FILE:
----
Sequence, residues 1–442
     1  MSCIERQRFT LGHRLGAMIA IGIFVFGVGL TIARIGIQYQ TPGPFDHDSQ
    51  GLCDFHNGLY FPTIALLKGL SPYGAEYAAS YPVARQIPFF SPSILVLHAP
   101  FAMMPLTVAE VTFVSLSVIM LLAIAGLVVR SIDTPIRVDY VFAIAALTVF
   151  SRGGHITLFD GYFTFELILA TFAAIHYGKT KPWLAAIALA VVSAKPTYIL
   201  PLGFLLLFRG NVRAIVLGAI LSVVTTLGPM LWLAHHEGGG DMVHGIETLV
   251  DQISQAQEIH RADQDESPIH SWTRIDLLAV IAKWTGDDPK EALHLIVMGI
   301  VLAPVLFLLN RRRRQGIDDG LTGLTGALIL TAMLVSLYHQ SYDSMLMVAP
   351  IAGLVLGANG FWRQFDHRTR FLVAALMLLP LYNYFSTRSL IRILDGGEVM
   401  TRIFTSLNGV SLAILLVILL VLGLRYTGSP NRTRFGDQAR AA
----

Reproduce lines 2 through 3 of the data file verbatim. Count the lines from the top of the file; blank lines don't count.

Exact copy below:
     1  MSCIERQRFT LGHRLGAMIA IGIFVFGVGL TIARIGIQYQ TPGPFDHDSQ
    51  GLCDFHNGLY FPTIALLKGL SPYGAEYAAS YPVARQIPFF SPSILVLHAP